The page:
Although the intelligence files of the allies were filled with reports of the coming offensive, little attention was paid to them. As Hitler said: “The enemy is so obsessed with his own offensives that he will pay no attention to ours.” The mustering yards of the armored divisions for the Ardennes offensive were the woods and forests of the Eifel region. There, where the autumn mists clung to the trees, they were able to assemble in secrecy. There was a low cloud cover, and no allied airplanes detected them.
As usual Hitler kept postponing the offensive. In October, he spoke of an offensive in November, and in November he spoke of an offensive at the beginning of December. On December 7 he postponed it to December 14. On December 12 he postponed it to December 16. It was the last throw of the dice, and he spent a month shaking them in his cupped hands.
On December 12 Hitler invited all the generals taking part in the offensive to a briefing in the underground bunker at Adlerhorst. Security precautions were stricter than ever. Stripped of their briefcases and their weapons, they were driven to the secret command post in a bus, which deposited them before a double line of SS guards near the bunker entrance. There was something frightening and intimidating about these guards, who descended into the bunker with the generals and then stood guard behind their chairs. General Bayerlein, soon to be leading a panzer division through the Ardennes forests, was so terrified of the glowering SS officer behind him that he was hesitant even to reach for a handkerchief.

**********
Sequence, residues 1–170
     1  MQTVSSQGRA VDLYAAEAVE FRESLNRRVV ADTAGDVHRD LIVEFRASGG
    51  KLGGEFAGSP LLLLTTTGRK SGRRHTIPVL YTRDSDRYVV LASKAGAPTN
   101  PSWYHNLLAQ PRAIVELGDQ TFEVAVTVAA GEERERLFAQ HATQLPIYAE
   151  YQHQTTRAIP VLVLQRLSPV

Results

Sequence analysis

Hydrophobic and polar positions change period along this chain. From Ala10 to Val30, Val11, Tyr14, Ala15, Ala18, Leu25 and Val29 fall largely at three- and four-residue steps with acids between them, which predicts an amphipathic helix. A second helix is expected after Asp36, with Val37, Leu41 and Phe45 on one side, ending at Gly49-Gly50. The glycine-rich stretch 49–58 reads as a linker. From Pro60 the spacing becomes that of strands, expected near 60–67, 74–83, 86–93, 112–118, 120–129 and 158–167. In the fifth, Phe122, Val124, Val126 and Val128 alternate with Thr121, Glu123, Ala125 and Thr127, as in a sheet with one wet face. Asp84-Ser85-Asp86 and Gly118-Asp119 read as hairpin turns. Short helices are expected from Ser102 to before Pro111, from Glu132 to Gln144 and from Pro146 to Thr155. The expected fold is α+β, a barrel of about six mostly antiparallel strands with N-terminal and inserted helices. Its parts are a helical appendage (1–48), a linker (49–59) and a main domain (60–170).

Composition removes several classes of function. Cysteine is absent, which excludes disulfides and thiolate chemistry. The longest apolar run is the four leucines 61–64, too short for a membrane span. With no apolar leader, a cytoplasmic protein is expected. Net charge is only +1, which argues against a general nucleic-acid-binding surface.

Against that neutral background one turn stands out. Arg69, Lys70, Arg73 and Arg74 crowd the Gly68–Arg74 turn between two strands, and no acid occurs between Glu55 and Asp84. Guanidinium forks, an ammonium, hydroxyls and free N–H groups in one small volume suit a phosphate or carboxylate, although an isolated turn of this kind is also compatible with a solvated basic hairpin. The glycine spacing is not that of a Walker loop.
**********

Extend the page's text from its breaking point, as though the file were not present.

Hitler appeared at six o’clock in the evening. He had written out some notes for his two-hour speech, and his hand shook as he turned the pages. For what was probably the last time, he addressed a full assembly of generals and gave a consecutive and reasoned account of his plans and stratagems. His chief argument was that the Allies were divided among themselves, that it was inconceivable that the Russians, the Americans, and the English would ever agree politically, and therefore Germany could still hope to hold them at bay. German forces were relatively stronger than they had been in 1939. With one ferocious blow on a thinly defended front, he intended to hurl back the Western Allies. Later, with another ferocious blow he would drive the Russians back to Moscow.
The stenographic report of the speech survives with only a few omissions. Although he unconsciously betrays his fears, his corroding despairs, and his lack of any real knowledge of the strength of the Allied forces, the speech must be counted among the most impressive speeches he ever delivered. He said:
The enemy must realize that under no circumstances will he achieve success. Once he realizes this—by observing the behavior of his people and of the armed forces and the severe reverses suffered in the field-then the day will come when it is abundantly clear that his nervous energy has collapsed.